DIY Freud

I have been suffering from chronic pain in my hands, arms and shoulders for years now, leading me to lose almost all hope of being able to work seriously with a computer any more. I recently discovered the mind-body approach of Dr. Sarno, Dr. Schubiner, as well as Alan Gordon, and am currently in the process of developing tools to tackle my condition using an anxiety/depression-based approach (pain as learned pathways in the brain, rather than damage in my tissues).

However, given that I cannot type properly, one of my absolute core anxieties is that I cannot commit to any serious work I have qualifications for, since all of them require tons of typing (every now and again I try to learn to dictate, with brilliant tools like Talon, and yet as if my pain worked as precisely as a piece of sadistic clockwork, I start getting pain in my throat whenever I do that, in a way that feels could become chronic as well, no thanks!). I feel I would like to do therapy, but that costs a lot of money, which at the moment just adds more anxiety to my personal heap. Full disclosure: I know there are many pay-as-you-can counselling services, but an inner brat within me yearns for the gravitas of someone older, experienced, with a fair bit of clout, and I haven’t yet succeeded in making myself believe that these people can be accessed without paying significant sums.

Given all that, isn’t there a way to be smart about this?

Yesterday I had an idea. In the old school Freudian practice 🖤, the therapist would be as silent as possible, trying to be this blank screen on which you can project the Bayeux tapestry of your fantasies, this mostly empty intergalactic universe that you can explore at light speed, snugly seated in the cockpit of the Millennium Falcon of your traumas. Cranking things up a notch, and one might simply replace the therapist with a literal blank screen: a non-sentient recording device.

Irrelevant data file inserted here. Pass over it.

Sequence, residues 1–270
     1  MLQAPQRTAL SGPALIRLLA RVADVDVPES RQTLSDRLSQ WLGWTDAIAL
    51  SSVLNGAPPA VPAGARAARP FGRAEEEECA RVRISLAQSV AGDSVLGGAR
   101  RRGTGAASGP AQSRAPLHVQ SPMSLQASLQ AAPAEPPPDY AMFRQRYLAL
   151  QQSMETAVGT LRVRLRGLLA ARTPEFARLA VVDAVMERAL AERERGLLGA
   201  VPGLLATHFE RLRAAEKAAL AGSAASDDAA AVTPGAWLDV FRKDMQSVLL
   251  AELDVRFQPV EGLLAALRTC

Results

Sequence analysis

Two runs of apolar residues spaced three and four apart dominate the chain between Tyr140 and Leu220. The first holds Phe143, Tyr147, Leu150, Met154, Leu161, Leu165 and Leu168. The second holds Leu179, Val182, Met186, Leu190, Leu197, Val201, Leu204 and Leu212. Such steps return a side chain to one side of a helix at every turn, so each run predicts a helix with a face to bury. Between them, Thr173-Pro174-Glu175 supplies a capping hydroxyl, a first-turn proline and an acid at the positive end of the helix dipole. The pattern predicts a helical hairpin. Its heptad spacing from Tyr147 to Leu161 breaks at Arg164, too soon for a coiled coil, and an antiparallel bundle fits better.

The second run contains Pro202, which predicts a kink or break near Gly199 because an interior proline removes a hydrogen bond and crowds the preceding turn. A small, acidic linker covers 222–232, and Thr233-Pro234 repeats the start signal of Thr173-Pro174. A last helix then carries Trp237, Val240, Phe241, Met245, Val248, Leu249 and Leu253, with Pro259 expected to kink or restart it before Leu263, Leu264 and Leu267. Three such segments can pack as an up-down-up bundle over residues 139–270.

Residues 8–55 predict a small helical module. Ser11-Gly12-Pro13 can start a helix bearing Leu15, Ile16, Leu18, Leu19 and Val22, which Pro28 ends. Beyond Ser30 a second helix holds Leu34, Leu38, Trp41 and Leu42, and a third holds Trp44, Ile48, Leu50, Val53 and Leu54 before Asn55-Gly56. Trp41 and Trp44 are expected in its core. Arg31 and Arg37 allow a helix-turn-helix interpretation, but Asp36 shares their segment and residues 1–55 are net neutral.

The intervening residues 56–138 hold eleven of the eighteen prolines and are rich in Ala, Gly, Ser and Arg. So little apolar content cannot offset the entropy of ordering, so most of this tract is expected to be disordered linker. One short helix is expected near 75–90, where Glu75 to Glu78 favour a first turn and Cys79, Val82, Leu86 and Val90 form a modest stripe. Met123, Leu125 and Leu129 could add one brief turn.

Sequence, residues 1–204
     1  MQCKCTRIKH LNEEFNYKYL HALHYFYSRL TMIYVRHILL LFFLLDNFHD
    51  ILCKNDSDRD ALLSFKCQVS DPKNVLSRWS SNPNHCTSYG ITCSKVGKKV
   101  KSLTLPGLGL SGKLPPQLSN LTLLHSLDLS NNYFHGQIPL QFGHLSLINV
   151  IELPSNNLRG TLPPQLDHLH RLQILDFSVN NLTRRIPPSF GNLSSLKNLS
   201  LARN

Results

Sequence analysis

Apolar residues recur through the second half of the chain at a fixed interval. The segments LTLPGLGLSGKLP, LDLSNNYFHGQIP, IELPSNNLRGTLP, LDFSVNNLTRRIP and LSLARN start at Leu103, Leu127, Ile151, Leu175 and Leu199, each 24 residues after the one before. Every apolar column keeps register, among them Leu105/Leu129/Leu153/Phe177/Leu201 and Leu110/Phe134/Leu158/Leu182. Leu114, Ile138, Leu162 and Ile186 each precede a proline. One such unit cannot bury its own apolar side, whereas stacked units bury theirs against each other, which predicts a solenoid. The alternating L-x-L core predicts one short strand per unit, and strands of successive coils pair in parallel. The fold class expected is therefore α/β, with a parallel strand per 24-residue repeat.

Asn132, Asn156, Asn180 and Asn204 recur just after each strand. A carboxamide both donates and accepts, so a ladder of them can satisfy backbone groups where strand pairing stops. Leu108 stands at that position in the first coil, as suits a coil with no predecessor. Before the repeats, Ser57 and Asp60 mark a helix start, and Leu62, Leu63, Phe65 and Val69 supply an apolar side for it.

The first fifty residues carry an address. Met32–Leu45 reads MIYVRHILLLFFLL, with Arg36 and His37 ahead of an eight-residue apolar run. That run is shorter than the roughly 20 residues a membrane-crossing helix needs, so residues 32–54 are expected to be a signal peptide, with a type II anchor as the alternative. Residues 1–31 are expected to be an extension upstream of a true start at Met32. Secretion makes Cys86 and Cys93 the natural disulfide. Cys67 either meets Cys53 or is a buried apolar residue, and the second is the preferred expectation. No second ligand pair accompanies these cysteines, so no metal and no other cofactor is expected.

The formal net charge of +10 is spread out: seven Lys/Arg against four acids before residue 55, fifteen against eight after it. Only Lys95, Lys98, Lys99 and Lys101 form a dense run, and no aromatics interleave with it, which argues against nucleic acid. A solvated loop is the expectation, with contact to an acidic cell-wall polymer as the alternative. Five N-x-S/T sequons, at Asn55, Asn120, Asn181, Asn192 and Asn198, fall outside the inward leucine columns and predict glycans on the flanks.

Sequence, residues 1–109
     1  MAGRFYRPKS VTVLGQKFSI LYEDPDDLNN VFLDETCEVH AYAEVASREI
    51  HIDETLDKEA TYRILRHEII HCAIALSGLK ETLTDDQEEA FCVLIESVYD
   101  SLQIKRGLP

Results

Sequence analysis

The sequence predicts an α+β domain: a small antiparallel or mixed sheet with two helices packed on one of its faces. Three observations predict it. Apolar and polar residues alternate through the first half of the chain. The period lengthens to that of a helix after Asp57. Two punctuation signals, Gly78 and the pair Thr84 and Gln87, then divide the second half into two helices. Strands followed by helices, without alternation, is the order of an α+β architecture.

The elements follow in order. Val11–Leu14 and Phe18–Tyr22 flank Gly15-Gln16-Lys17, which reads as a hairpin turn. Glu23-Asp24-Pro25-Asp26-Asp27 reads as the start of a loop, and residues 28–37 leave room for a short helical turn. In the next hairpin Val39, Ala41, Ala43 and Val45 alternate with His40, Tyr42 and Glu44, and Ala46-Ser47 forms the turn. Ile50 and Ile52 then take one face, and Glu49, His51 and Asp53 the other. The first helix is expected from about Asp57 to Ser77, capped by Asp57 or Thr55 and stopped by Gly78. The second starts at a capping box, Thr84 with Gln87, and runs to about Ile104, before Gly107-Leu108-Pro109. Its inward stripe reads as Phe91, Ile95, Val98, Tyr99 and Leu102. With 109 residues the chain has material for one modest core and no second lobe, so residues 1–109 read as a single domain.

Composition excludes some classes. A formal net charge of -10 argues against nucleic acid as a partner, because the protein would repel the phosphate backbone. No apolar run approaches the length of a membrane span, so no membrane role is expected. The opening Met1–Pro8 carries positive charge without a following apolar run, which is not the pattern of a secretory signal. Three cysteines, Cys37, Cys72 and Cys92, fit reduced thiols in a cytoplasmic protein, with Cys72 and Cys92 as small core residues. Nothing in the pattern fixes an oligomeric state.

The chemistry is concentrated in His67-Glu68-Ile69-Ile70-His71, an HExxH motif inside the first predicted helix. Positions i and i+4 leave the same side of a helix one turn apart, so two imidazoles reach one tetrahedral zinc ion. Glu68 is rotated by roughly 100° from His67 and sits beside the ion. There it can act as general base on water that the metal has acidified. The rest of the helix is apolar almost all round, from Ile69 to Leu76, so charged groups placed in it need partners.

Recipe for a therapy framework on the cheap:

  1. Make sure you have a recording device. This can be your computer, mobile, or another device.
  2. Set up a timer as well, that clearly delineates the time frame of the session. Variations include: a pre-agreed time (15, 30, 50 minutes), or simply a running stopwatch, trusting yourself to go on until you’ve had your fill1.
  3. Set a theme for yourself. You will drift off, that’s part of the joy, but it can help you keep a direction or focus on something in particular.
  4. Press record and start speaking. (You may delete the recorded file after, as you wish, the important thing is that you know the machine is listening.)

    Optionally, you can also:

  5. Set a direct debit in your bank account, as small as you’d like it to be, to whomever, a friend, a charity, etc., to integrate a financial commitment to your sessions.

    And finally:

  6. Organise your sessions around that regular payment, which would also act as the time of your session, so that you not only do you have the financial constraint set up, but also the simulated limited access to your ‘therapist’, with only, say, one session per week, that you can look forward to, prepare for, get all angsty about, etc., while you also go about your life doing other things.2

My CPU-felt wishes to you all on your path to recovery 🤖.

  1. Jacques Lacan, the infamous French psychoanalyst, developed the concept of ‘short session’, that advocated for a variable duration of psychoanalytic sessions. One of the ideas was, for instance, that you can reach a point of ‘unknotting’ during therapy, and, if you kept on, this progress could be undone. This had the cheeky consequence that Lacan could charge for a full session while, most of the time, cutting the session short before the allotted time… 

  2. My gratitude to my good friend Alan Cunningham for this last suggestion, and more broadly for the very helpful discussion of points 4 and 5.